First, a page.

Description This tablet was made for a pilgrim to Bodh Gaya, the place in eastern India where Shakyamuni Buddha is believed to have attained enlightenment. It depicts the Buddha at the moment of his enlightenment: Meditating under the Bodhi tree, he reached down with his right hand to call the earth goddess to witness the great event. At Bodh Gaya, a shrine was later built around the tree; here, it is represented as a tiered structure with branches growing between its various levels. The image of the Buddha, flanked by two bodhisattvas, recalls both the temple’s devotional sculpture and the Buddha himself. The inscription along the periphery, in an Indian script, relates the “Buddhist creed” which states that all things arise from a cause, and that the Buddha has explained both this cause and how to bring it to an end (and thus how to achieve spiritual liberation). Tibetan letters on the back of the tablet suggest that it was made for a Tibetan patron, either in Bodh Gaya or along the pilgrimage route. Votive tablets such as this one served both as meritorious offerings and as souvenirs. Most were made of clay; metal tablets would have been more expensive to produce and to acquire.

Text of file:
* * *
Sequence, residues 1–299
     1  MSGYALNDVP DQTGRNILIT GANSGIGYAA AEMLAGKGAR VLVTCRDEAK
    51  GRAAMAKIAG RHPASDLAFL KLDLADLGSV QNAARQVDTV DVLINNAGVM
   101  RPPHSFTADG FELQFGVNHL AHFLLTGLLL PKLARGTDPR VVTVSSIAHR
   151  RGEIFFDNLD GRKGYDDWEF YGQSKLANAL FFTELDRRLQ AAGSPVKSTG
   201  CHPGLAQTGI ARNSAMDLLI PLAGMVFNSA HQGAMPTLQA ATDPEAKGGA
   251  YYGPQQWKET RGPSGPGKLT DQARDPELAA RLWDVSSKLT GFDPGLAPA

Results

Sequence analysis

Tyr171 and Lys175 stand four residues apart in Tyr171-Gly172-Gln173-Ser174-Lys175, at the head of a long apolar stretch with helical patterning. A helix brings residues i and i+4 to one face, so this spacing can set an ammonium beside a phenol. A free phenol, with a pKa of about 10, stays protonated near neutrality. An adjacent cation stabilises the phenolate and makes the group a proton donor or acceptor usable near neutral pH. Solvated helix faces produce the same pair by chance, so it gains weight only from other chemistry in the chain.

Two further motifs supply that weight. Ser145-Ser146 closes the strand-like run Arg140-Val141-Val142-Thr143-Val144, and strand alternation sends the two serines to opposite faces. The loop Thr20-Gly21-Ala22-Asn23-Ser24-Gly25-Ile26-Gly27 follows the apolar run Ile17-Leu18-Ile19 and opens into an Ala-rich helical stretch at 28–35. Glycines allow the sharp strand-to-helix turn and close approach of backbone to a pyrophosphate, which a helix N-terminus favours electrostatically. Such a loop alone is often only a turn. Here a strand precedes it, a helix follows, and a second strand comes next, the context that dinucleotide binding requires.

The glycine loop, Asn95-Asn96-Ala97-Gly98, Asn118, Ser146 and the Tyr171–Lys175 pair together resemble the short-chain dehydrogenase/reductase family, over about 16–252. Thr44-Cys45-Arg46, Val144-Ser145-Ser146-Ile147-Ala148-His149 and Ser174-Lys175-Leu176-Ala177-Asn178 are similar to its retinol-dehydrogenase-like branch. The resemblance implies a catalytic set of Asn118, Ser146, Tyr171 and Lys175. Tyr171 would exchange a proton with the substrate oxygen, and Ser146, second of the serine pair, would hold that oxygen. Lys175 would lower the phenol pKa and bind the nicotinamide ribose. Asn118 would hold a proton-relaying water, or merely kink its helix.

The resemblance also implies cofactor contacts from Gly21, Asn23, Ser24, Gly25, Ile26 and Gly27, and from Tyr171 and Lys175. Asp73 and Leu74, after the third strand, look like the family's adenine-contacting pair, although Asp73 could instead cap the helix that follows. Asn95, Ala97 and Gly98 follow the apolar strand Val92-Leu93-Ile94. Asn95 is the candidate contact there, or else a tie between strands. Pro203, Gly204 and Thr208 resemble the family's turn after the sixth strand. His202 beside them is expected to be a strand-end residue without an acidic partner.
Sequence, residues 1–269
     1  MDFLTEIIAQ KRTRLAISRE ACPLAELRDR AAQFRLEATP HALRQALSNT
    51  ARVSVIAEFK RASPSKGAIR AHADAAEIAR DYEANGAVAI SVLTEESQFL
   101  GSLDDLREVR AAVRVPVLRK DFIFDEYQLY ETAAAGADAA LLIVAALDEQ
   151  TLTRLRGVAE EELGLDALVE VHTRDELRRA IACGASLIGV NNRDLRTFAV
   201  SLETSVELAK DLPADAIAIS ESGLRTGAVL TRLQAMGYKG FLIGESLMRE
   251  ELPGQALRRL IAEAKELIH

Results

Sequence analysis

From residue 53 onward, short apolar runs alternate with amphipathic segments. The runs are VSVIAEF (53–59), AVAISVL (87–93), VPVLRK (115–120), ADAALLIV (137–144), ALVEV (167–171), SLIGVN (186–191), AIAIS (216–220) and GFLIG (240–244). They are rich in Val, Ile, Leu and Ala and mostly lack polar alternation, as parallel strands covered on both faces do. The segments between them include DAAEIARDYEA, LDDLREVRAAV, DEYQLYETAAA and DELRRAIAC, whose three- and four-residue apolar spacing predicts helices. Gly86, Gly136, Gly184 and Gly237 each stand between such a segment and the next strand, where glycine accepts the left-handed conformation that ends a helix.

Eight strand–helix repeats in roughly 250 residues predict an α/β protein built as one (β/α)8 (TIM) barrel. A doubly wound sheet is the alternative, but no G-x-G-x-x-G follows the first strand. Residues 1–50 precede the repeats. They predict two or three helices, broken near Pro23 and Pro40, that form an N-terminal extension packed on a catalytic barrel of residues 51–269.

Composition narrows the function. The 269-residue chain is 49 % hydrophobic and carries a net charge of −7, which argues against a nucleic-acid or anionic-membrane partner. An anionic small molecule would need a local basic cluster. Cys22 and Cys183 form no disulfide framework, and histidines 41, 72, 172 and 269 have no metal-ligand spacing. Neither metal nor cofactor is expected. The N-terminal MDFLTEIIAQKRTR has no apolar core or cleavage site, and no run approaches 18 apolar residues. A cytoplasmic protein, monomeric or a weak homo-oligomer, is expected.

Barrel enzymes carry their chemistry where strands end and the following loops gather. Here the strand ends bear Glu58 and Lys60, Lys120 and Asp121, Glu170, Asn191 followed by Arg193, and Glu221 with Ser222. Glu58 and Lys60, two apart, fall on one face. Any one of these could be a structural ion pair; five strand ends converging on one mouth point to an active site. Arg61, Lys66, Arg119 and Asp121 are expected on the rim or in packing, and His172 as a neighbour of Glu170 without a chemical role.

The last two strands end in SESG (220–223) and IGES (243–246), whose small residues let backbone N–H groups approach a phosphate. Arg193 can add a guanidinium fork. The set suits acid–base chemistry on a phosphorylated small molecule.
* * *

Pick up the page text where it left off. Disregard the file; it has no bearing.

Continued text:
- Desire and Devotion: Art from India, Nepal, and Tibet in the John and Berthe Ford Collection. The Walters Art Museum, Baltimore; Santa Barbara Museum of Art, Santa Barbara; Albuquerque Museum, Albuquerque; Birmingham Museum of Art, Birmingham; Hong Kong Museum of Art, Hong Kong. 2001-2003.
- Pilgrimage and Buddhist Art. Asia Society, New York. 2010.
Provenance B. N. Bharwy, New Delhi; acquired by John and Berthe Ford, Baltimore, February 1977; given to Walters Art Museum, 2008.
Inscriptions [Inscription] Around edge: Buddhist Creed (ye dharmā)
Credit Gift of John and Berthe Ford, 2008
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